The first 10 years of Meiji period saw the production of export surging and 80 % of all production went overseas. This trend continued and reached up to 90 % of the production the following years. In 1887 Kutani was the number one in export volume compared to all other Japanese manufacturers such as Hizen, Seto, Kyoto...
But the demand was so high, that many companies were just concerned by mass production and quality of pieces start to decrease rapidly. In 1890 Japan encounters its first economy recession.Then the Sino-Japanese war in 1894-1895 with the invasion of Korea and later the Russian war in 1904-05 put a stop to the development of the business. As a result the export of Kutani fall down within few years to a small 10 % of the production. But in September 1923 Tokyo was destroyed by a terrible earthquake. Yokohama port as well as all Kutani in stock over there were destroyed. This inflicted a huge blow to the export business which almost stopped within 2 years. Many companies just closed down and the export market never recovered, even today it is a very small part of the total production, which is now mainly devoted to domestic market.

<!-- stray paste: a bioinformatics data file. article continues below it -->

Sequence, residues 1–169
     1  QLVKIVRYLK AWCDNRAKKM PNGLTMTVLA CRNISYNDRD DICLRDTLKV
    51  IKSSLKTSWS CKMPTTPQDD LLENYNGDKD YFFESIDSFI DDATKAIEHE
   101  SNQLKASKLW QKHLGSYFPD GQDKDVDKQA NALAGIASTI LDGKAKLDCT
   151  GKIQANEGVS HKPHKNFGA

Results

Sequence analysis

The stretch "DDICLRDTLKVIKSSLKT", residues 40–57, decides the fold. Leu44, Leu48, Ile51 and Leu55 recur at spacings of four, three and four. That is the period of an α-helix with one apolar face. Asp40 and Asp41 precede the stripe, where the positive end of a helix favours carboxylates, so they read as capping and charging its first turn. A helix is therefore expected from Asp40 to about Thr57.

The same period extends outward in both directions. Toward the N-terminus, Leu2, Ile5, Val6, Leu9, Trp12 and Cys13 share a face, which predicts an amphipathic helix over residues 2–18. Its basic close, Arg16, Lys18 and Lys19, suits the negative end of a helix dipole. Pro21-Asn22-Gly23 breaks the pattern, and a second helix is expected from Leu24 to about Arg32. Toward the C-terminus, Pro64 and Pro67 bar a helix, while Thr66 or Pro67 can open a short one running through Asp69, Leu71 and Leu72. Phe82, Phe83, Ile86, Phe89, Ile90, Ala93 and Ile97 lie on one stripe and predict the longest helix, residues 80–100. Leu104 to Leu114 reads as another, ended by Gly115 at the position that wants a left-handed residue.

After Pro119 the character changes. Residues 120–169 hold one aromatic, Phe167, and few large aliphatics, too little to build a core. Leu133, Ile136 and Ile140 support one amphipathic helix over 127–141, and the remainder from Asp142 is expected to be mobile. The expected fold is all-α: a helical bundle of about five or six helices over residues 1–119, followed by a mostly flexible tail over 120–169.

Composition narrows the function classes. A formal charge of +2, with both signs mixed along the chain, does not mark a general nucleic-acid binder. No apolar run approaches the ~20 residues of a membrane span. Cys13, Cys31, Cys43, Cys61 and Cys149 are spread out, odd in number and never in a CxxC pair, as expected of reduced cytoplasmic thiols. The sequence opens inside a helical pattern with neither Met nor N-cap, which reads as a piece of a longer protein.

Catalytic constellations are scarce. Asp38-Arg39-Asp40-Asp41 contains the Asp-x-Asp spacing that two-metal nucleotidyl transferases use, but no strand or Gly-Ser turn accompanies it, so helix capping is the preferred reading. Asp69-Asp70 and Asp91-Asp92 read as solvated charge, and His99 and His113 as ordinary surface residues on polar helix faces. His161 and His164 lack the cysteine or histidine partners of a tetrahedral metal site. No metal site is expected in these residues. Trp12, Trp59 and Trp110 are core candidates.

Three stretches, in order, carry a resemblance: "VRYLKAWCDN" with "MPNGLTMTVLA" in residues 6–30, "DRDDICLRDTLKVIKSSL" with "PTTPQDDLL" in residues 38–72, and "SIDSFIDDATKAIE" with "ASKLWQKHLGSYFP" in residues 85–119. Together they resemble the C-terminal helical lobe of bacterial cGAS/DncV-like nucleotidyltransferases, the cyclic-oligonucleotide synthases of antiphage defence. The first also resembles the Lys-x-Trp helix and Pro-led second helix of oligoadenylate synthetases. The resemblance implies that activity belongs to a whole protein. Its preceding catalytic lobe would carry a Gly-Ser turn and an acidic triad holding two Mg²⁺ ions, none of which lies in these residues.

As a result of this severe stop of activities many potters and painters from Kutani area as well as from Yokohama and Kobe were without any job. We consider that 2 or 3000 persons left at this time to move to other pottery areas such as Kyoto, Nagoya, Hizen....
There is however a second period of export which we have to mention may be only for the sake of record because the quality of the production was so bad that it is hard to call this Kutani. But the fact is that after World war II some companies, even famous one, tried to export very cheap wares for which the entire design is stenciled, mainly Chinese personage of pale colors and poor design, such as coffee set, flower vase, pepper and salt pots. These type of ware can be found easily in fleas market in Europe, but due to their poor manufacturing technique the color do not last or get loose and the pieces are often damaged.